New Look calls for sharp focus
Today's meeting at the Oregon Convention Center to take a 'new look' at the future of the Portland area is but one of many critical evaluations of the values, outcomes, problems and opportunities that face the metropolitan area over the next 20 or so years.
The forum is part of Metro's New Look initiative - an update of the region's 2040 planning process that began in the mid-1990s. This isn't a chance at fine-tuning. It is a requirement to face rapidly changing times and growth that will bring 1 million more people to the region 15 years earlier than once was predicted.
By the end of the year, the initiative will conclude with a planning template for the region. The template must address the valued priorities that citizens, governments, businesses and community organizations deem to be important. But planning for the future should not be like pouring concrete. Plans should be evolving tools that help achieve outcomes.
With that in mind, we are hopeful the community can do more than talk about the future as part of this process. There are tough issues that need to be discussed and strategies that must be shaped. Here are the most important issues:
• Growth management and land-use planning rules that limit sprawl and accommodate growth. The best rules also will seek to protect personal rights and individual communities' ability to define their own character.
• Congestion relief. Congestion won't be eliminated, but it must be reduced or otherwise it will cripple the economy and frustrate citizens.
• Economic strategies. The region finally has some, and they need to be enhanced by regional planning. After all, jobs result in income taxes that fund public services.
• Open-space protection. While we appropriately invest in efforts to preserve unique open spaces and enhance natural areas, we also must recognize that some housing density and infill is removing wooded areas and wildlife habitat. Where does the balance need to be?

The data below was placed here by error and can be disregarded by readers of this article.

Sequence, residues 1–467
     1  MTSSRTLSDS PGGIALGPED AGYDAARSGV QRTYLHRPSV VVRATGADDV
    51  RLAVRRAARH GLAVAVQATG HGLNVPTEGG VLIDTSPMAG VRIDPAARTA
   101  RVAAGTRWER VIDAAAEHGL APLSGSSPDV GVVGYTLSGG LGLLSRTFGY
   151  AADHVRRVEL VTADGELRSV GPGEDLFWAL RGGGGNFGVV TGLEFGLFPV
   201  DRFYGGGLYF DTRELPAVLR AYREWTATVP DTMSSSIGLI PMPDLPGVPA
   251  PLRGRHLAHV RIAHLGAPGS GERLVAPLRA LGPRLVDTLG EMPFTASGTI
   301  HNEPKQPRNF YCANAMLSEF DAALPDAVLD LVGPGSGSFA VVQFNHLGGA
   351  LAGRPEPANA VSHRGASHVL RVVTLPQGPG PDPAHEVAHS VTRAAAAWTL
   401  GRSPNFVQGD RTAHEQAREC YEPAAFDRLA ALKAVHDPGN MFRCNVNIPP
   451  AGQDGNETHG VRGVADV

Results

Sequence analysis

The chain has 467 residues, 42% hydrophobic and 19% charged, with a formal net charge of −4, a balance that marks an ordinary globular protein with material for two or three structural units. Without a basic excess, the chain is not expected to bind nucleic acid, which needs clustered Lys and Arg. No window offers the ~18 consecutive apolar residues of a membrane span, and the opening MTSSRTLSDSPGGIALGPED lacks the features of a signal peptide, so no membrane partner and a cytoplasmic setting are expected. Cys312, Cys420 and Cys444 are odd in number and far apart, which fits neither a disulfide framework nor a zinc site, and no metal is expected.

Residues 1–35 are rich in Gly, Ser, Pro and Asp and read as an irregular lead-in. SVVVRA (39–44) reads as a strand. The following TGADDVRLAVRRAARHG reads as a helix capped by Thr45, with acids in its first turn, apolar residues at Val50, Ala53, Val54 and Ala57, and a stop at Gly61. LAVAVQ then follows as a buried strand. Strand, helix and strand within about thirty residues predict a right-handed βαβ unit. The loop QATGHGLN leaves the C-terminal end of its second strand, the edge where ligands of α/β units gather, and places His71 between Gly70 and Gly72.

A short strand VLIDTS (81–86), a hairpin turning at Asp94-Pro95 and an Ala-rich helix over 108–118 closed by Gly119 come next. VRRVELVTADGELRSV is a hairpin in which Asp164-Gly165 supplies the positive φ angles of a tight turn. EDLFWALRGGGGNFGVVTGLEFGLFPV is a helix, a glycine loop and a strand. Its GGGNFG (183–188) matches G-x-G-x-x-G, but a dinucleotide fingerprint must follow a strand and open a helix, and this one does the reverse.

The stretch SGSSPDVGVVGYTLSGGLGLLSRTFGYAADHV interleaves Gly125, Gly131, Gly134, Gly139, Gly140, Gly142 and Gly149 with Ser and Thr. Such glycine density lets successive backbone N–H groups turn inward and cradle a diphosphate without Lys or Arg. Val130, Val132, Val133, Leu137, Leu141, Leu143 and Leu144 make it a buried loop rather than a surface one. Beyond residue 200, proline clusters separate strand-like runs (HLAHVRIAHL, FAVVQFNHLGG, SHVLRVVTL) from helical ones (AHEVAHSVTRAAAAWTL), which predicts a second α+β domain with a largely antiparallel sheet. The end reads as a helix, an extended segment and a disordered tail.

• Affordable housing. The region consistently has failed to come to grips with how to provide for it.
• Density. Increased densities within the urban growth boundary are one way to limit sprawl and protect farm and forest land outside the growth boundary. But denser development also can create tensions between neighbors and among adjoining cities. Often the neighbors - whether cities or citizens - have little to no say in a development but a big stake in what goes on next door.
• The cost of providing public services. Who will pay for the services that 1 million more residents will require in areas of the community, such as Damascus, that have been targeted for growth but have no infrastructure to do the job?
• Schools. Where will new schools be built and where will kids play? And once again, who will pay for these schools?
• Safety. As our population grows. How will plans for the future shape the personal safety of those who live, work and play here?
• The rest of the state. How can the Portland region consider and plan for its own future while keeping an eye on being a good citizen of Oregon and a contributor to the state's overall economy and livability?
These are tough issues that a single meeting will help address but cannot resolve.
That's why we think it's best for citizens and government representatives to first decide what outcomes and vision they want for their communities, the economy and the Portland region's future and then decide what plans and actions will achieve those objectives.